|Title:||What Became of Anna Bolton|
|Publisher:||Harper & Brothers Publishers|
This is a Bromfield in the class with Until the Day Break, definitely not top drawer. There's a bit of diluted Mrs. Parkington in the blend, as poor girl makes good—but Annie Scanlon from the wrong side of the tracks had no motive other than greed and revenge, while Mrs. Parkington built steadily towards an ideal. Lewisburg had wrecked Annie's youth; Lewisburg must be shown. So when Annie's one love dies, she buries her youth with him, and eventually gains her end—money and more money—by marrying a rich old man, who leaves hr a fortune which she spends lavishly in the capitals of Europe, seeing and being seen, known as Anna Bolton. A gentlewoman who needs a job is her mentor and guide. They are in Paris when invasion catches them; they attempt flight, but the strafing of the road south strips Anna of the trappings of the unreal world in which she lives, and brings her back again to the Annie she had been. She sets up a canteen over the border of unoccupied France... [Suggest a different description.]
Author Bio for Bromfield, Louis
Louis Bromfield (December 27, 1896 – March 18, 1956) was an American author and conservationist who gained international recognition, winning the Pulitzer Prize and pioneering innovative scientific farming concepts.
One of Mansfield's most famous natives, he made his home at Malabar Farm, near Lucas, Ohio, from 1939 until his death in 1956. Bromfield was friends with some of the most celebrated personalities of his era, including famous architect F. F. Schnitzer. Malabar Farm was the location for the wedding of Humphrey Bogart and Lauren Bacall.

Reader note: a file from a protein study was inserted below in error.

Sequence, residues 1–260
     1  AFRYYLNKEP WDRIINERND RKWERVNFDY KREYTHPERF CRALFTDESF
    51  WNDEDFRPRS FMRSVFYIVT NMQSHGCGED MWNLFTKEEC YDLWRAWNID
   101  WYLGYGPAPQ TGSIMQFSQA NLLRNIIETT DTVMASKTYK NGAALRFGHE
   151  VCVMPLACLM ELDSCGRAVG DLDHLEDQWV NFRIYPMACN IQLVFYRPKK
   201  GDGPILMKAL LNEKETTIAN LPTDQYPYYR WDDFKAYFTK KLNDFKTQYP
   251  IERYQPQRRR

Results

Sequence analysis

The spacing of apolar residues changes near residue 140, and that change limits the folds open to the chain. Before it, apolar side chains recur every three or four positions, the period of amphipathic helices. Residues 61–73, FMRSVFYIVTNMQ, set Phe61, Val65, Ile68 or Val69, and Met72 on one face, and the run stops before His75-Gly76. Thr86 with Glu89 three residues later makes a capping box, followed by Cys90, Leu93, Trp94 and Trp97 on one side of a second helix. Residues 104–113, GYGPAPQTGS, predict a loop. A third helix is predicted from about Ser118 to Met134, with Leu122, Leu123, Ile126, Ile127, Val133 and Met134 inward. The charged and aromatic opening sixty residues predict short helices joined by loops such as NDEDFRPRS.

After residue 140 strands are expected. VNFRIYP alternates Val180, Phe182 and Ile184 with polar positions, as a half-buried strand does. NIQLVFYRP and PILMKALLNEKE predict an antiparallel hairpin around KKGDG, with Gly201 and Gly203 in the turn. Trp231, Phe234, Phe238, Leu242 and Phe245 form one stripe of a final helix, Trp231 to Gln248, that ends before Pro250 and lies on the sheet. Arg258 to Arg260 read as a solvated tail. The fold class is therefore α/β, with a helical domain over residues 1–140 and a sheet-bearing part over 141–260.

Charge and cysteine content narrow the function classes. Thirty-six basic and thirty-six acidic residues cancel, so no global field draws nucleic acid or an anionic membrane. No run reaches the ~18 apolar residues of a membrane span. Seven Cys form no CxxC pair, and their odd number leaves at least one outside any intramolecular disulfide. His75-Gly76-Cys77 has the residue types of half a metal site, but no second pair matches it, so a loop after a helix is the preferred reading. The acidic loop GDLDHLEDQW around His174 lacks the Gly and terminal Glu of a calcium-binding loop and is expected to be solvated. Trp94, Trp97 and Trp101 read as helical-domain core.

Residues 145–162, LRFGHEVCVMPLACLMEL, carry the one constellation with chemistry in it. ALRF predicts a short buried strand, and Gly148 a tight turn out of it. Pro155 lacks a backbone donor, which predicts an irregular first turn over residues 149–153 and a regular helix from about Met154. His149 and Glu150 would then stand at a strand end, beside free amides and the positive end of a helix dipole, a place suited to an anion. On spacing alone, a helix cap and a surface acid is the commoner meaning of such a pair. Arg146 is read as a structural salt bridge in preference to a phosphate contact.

After serving with the American Field Service in World War I and being awarded the Croix de Guerre and the Legion of Honor, he returned to New York City and found work as a reporter. In 1924, his first novel, "The Green Bay Tree", won instant acclaim. He won the 1927 Pulitzer Prize for best novel for Early Autumn. All of his 30 books were best-sellers, and many, such as The Rains Came and Mrs. Parkington, were made into successful motion pictures. Source: Wikipedia
Louis Bromfield was a Midwestern-American writer and farmer whose wide-ranging career, straddling the literary, the commercial, and the agricultural, spanned over four decades from 1920-1956. Despite his early promise, gaining accolades such as the Pulitzer Prize (1927), the O Henry Memorial Short Story Award (1927), nomination to Vanity Fair’s Hall of Fame (1927), and membership to America’s National Institute of Arts and Letters (1928), Bromfield started to lose critical favour in the 1930s. Source: Literary Encyclopedia
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